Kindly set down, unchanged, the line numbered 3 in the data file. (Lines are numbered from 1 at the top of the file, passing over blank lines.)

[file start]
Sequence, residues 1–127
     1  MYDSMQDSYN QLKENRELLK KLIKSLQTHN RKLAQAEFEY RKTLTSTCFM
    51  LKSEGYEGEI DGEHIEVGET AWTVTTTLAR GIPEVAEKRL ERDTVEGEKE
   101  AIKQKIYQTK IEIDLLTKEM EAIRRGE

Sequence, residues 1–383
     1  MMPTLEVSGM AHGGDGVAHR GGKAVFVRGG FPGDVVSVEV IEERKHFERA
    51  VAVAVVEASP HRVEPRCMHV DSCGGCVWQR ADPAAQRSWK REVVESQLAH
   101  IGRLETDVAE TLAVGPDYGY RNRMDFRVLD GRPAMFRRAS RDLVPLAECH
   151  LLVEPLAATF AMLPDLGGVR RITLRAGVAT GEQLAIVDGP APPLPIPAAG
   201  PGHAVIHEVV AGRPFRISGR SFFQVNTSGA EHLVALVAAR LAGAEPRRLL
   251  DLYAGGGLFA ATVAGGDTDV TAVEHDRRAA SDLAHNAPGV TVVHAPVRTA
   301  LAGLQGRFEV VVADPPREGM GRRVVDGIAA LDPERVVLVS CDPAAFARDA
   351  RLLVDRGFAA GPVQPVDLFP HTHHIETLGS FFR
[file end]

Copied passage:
    51  LKSEGYEGEI DGEHIEVGET AWTVTTTLAR GIPEVAEKRL ERDTVEGEKE